"... patent claim gave him the right to exclude others from marketing, using, or selling his process. He therefore never had protection under the patent laws when he sought by whatever means to extend his process claim to restrict use or distribution of the unpatented product, the ATAs.... The holder of a process patent could not ... license several companies to use the process and attempt to limit the manner in which some of those companies decided to use the ultimate product."
426 F.Supp. at 148, 149 and n.3. Having denied defendants' motion for summary judgment, the court set the case for trial on the issue of whether the agreements limiting sales violated the Sherman Act.
With trial pending, defendants Hercules, Stauffer and Texas agreed to consent judgments and decrees. 3 After a trial in which S.K. was the sole remaining defendant, the district court entered findings of fact and conclusions of law. The court found essentially four anticompetitive effects from the restrictions at issue: (1) the nonexclusive licensees, prospective sellers of ATAs, were excluded from the market, (2) the price of ATAs exceeded competitive levels, (3) the development of new uses for ATAs was retarded because of their supracompetitive price, and (4) trade in certain aluminum alkyls other than ATAs was restrained as a result of the restrictions on the Ziegler process. J.A. 125-27. Without discussion of relevant authorities, the district court concluded that the agreements constituted an attempt to monopolize the sale of the ATAs in the United States in violation of Section 2 of the Sherman Act, 15 U.S.C. § 2, and were illegal restraints of trade under Section 1 of the Sherman Act, 15 U.S.C. § 1, both under a per se rule and as measured by the rule of reason. 4 On March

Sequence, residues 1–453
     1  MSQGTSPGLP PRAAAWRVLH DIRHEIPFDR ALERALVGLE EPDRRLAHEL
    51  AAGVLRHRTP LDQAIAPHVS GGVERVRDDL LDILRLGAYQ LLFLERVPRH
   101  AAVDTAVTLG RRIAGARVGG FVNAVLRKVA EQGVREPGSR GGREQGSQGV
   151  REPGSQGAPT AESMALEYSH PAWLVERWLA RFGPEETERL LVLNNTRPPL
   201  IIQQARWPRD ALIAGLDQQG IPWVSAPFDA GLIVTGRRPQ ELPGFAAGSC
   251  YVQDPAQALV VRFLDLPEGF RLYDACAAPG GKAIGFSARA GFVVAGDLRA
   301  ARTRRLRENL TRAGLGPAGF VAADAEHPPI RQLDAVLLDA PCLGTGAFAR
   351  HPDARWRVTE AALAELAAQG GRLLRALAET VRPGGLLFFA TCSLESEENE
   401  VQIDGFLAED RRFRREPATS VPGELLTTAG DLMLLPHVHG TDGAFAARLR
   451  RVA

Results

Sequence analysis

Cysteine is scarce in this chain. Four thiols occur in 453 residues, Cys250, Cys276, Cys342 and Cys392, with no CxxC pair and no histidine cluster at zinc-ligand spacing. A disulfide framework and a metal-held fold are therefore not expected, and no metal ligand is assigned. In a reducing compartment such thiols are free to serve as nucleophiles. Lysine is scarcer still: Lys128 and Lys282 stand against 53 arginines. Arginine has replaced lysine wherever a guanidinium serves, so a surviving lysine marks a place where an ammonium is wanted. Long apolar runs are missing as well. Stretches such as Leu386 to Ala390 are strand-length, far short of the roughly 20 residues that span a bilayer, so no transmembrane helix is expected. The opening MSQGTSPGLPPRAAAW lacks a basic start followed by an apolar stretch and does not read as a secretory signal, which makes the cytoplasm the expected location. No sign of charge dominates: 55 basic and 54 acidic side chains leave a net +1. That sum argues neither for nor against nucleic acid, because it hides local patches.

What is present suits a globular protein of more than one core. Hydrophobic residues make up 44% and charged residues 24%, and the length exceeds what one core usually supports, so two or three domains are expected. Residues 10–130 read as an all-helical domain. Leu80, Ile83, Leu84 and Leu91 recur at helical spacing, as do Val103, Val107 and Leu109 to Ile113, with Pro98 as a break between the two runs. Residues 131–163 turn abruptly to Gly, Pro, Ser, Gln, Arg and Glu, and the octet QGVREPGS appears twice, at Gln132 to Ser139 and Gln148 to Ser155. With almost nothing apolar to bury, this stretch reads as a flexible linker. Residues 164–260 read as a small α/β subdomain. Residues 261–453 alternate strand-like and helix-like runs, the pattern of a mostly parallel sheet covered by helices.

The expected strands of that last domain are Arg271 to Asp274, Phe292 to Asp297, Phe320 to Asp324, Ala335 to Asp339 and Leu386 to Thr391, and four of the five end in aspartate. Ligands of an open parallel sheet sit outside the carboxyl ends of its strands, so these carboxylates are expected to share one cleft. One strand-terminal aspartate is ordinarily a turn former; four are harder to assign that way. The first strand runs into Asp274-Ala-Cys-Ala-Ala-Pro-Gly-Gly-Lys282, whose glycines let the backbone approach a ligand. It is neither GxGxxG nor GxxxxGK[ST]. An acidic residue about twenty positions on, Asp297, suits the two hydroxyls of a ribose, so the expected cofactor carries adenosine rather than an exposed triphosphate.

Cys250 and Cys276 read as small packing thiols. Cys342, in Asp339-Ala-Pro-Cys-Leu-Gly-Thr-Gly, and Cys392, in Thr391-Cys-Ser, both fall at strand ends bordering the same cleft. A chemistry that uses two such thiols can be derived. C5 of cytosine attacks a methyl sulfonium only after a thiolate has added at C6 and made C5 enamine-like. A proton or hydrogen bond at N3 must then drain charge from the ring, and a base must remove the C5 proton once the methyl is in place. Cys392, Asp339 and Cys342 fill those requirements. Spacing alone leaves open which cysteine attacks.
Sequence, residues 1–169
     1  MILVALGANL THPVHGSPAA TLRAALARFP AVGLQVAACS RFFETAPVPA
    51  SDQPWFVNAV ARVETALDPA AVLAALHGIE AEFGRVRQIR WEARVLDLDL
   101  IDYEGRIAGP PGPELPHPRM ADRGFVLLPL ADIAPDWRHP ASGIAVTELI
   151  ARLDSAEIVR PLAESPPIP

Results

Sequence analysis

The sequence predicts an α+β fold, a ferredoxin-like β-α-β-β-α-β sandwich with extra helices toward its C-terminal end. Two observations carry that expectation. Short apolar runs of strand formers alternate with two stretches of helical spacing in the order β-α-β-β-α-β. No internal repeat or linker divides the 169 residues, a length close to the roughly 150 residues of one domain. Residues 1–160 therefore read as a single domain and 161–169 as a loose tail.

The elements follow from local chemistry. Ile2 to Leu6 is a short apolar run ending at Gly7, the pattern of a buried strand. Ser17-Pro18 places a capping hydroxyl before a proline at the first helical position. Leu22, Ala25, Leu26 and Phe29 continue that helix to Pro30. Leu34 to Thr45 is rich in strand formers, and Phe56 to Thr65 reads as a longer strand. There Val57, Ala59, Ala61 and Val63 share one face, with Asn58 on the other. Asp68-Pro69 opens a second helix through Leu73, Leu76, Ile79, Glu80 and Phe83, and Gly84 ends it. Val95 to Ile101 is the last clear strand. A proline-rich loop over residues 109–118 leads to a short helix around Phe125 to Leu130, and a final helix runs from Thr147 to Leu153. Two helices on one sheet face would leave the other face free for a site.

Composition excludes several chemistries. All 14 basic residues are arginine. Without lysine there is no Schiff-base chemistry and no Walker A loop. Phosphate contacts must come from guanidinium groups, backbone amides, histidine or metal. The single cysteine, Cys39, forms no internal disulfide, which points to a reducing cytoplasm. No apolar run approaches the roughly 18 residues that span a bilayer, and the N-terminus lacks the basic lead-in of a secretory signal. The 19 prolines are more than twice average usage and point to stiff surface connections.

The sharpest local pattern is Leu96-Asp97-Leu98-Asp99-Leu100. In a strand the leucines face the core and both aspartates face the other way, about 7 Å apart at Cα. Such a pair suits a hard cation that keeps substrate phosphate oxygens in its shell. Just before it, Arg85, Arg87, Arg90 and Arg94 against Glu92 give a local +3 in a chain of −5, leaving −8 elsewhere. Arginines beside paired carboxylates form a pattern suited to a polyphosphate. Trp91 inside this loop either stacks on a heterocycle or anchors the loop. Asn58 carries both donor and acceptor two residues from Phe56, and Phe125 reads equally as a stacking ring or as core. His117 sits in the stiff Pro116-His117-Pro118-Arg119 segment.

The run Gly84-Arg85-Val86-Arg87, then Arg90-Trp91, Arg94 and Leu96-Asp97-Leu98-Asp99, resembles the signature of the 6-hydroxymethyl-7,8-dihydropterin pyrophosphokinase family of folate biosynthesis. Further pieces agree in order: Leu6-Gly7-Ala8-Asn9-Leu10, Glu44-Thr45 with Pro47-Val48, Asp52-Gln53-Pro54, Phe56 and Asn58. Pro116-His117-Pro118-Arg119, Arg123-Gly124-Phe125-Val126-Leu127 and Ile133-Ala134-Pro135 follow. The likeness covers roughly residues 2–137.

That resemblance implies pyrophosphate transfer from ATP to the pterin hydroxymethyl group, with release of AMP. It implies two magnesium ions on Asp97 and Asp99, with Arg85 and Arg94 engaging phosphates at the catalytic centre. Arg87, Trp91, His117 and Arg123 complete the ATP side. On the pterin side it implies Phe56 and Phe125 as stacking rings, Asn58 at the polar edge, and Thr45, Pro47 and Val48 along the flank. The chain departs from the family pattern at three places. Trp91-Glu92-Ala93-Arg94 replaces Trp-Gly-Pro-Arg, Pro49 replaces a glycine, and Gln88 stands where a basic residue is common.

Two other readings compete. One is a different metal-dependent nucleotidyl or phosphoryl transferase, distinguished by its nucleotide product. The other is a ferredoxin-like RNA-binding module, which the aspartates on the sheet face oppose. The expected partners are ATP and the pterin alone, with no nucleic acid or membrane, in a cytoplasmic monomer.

15, 1979, the court entered an amended final decree that, inter alia, prohibited defendants from enforcing or granting limited licenses and mandated compulsory licensing at reasonable and nondiscriminatory rates of the Ziegler process, including the right to sell any ATAs so produced. See J.A. at 130.
On appeal, the parties make a number of contentions, not all of which need be addressed in view of the conclusion we reach. Appellant renews its argument below in support of its motion for summary judgment that its conduct is protected by the patent laws because (1) it effected no greater restraint than the patent granted, and (2) it could have legally imposed a much greater restraint by...